You can take this one step further by visiting the websites for the clinical studies in your area. They typically have a page listing current studies with corresponding surveys to see if you qualify, but you can always call or email to express interest in participating. Even if you don’t currently qualify for a study, they may keep you on a list for future consideration.
In short, once you find open sleep studies, visit the websites, call or email the facilities, and ask how you can get involved. Every study and every facility is different.
It’s also helpful to do a simple Google search for “paid sleep studies in [your city].” This may generate results more specific to what you’re looking for. You can look for paid studies on any topic, too.
Available studies include those for smokers, late-shift workers and people who are chronically tired. The sky’s the limit -- just be specific in your search, and you’ll get specific results.
It’s important to note that larger cities typically have larger research facilities. Hospitals sometimes double as places for case study research, so the larger the hospital, the more likely it is to have a sleep division or clinical trial area.
I know you don’t know me, but I wouldn’t lie to you! Studies offer people a great opportunity to earn some money while they’re between places, figuring things out or going to school. You can verify legitimacy by contacting local facilities and asking for details on their paid studies.
When investigating a study, always ask to see the terms written out in a contract. Ask lots of questions, and look into the background of the location. I participated at Brigham and Women’s Hospital in Boston, which I knew was an honest, reputable institution I could trust to take care of me during my stay.
As a general rule, if you get a bad feeling about a place, you don’t have to move on with the study. Every study I’ve joined states that you’re allowed to leave if you ever feel uncomfortable or decide you aren’t OK with the circumstances.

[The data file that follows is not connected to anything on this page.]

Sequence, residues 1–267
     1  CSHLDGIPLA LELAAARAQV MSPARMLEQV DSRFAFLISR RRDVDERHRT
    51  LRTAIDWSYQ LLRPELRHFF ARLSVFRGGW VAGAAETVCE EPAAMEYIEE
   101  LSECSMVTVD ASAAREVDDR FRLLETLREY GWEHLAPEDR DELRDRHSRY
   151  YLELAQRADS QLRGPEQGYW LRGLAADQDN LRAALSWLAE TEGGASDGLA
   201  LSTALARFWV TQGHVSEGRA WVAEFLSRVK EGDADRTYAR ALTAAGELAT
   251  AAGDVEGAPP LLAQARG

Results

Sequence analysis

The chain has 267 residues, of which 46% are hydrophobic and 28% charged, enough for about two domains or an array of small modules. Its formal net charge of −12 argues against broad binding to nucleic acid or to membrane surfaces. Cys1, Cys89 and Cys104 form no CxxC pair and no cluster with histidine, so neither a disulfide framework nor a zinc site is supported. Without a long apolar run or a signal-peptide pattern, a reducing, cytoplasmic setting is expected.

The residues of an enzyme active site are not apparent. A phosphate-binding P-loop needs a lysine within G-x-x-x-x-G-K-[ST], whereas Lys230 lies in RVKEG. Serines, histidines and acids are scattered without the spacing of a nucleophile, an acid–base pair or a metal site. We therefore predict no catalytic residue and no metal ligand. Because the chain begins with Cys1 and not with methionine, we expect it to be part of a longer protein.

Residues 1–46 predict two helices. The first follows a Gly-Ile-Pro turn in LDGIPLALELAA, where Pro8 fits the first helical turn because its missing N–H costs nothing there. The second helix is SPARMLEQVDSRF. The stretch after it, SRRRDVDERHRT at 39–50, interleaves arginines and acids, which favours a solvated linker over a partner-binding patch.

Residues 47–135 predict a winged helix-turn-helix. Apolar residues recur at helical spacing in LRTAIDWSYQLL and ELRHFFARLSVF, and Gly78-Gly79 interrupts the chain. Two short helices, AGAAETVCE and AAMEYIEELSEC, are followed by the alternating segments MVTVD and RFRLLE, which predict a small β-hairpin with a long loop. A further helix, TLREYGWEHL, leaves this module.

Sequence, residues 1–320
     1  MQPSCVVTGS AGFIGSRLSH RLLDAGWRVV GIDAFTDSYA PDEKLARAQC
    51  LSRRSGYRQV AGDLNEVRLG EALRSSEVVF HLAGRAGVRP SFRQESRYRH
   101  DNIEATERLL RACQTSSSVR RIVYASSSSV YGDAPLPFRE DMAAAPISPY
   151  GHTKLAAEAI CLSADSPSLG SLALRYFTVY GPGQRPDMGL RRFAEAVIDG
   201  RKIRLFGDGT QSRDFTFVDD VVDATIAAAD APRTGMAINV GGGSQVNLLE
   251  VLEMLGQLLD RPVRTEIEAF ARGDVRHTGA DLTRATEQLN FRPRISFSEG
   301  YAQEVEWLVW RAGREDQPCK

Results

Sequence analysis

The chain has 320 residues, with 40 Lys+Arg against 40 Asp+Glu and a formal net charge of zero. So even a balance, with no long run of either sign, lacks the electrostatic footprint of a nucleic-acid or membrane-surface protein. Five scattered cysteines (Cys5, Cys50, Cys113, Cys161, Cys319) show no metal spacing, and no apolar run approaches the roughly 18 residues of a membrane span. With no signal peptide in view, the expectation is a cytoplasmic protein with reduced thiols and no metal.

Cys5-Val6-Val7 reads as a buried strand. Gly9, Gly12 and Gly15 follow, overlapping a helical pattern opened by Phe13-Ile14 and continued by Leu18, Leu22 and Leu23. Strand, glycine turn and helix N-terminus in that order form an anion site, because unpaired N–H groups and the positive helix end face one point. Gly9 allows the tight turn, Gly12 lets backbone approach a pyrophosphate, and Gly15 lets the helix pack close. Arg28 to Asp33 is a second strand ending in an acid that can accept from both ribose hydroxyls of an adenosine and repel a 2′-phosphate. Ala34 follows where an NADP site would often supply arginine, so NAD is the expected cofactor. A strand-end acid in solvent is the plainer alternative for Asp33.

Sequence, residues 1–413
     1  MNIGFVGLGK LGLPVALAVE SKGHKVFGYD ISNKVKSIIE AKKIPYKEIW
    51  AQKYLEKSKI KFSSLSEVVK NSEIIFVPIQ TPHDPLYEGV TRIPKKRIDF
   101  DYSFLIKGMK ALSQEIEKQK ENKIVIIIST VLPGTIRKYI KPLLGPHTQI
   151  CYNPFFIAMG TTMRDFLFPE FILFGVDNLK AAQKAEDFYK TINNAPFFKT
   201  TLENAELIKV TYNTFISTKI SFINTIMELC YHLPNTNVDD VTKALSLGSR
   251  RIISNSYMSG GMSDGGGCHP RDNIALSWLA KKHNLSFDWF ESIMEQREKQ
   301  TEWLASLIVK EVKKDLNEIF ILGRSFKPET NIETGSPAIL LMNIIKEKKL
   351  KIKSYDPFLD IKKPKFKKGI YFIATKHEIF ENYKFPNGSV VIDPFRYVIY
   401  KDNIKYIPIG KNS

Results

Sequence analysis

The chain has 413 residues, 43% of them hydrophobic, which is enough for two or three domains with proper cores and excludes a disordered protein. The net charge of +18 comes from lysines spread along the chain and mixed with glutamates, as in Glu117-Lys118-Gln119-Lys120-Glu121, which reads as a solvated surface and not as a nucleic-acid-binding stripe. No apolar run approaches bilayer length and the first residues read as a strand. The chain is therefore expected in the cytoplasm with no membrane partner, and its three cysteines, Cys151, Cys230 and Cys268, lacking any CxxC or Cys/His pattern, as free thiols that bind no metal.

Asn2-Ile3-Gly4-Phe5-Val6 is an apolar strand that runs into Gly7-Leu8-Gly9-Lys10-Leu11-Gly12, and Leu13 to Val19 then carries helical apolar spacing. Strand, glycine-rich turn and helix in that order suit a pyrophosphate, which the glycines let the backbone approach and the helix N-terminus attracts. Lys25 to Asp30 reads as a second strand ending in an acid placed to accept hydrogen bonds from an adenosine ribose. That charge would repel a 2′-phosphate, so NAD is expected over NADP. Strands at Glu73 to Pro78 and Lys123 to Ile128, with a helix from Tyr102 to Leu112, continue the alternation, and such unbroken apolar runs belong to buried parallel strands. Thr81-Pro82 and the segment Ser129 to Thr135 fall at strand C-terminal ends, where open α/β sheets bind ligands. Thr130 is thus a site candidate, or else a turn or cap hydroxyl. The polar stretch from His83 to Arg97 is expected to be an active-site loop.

Additionally, if you’re staying overnight at a facility, always let someone else know about the location and duration of the study. Do your research, and make good choices before signing up. Don’t jump into something without knowing all the facts first.
Yes, this is the best way to know if you qualify for a study. You can also see if the facility has a survey you can complete to qualify for future studies. Ask the center to contact you or keep you on file if it’s ever searching for someone. This makes the recruitment process easier for the center and gives you an advantage in being selected.
In my article, I was honest about some studies requiring regular blood draws and internal temperatures, but this is not every study. This is something you can learn more about by looking into what different facilities are interested in studying. For example, I participated in a study all about color, and the researchers put me in a room with a different luminosity every day.
Every study is unique. Careful research and a call to a recruiter will give you the best idea of what studies require of you physically. If you want to get a good laugh, just come right out and ask, “But do they make you put in a rectal thermometer, or what?”
Some people thought I was writing as a representative for a place or an organization. Nope, I’m just someone who learned about research studies and made them my life for a while. You can, too!
I hope this clarifies a few of the questions that everyone has about sleep studies. I’m happy to answer more, but if they are location-specific, it’s best to reach out to organizations in your area that are performing the studies. Some pay better than others, some are a small commitment, and some are more ongoing. Think about your schedule and lifestyle, and pick a study that works for you.
Jillian Shea is a freelance creative who runs her own copywriting business. She loves obscure means of money and media. Read her blog at jillsheais.wix.com/lostmakers.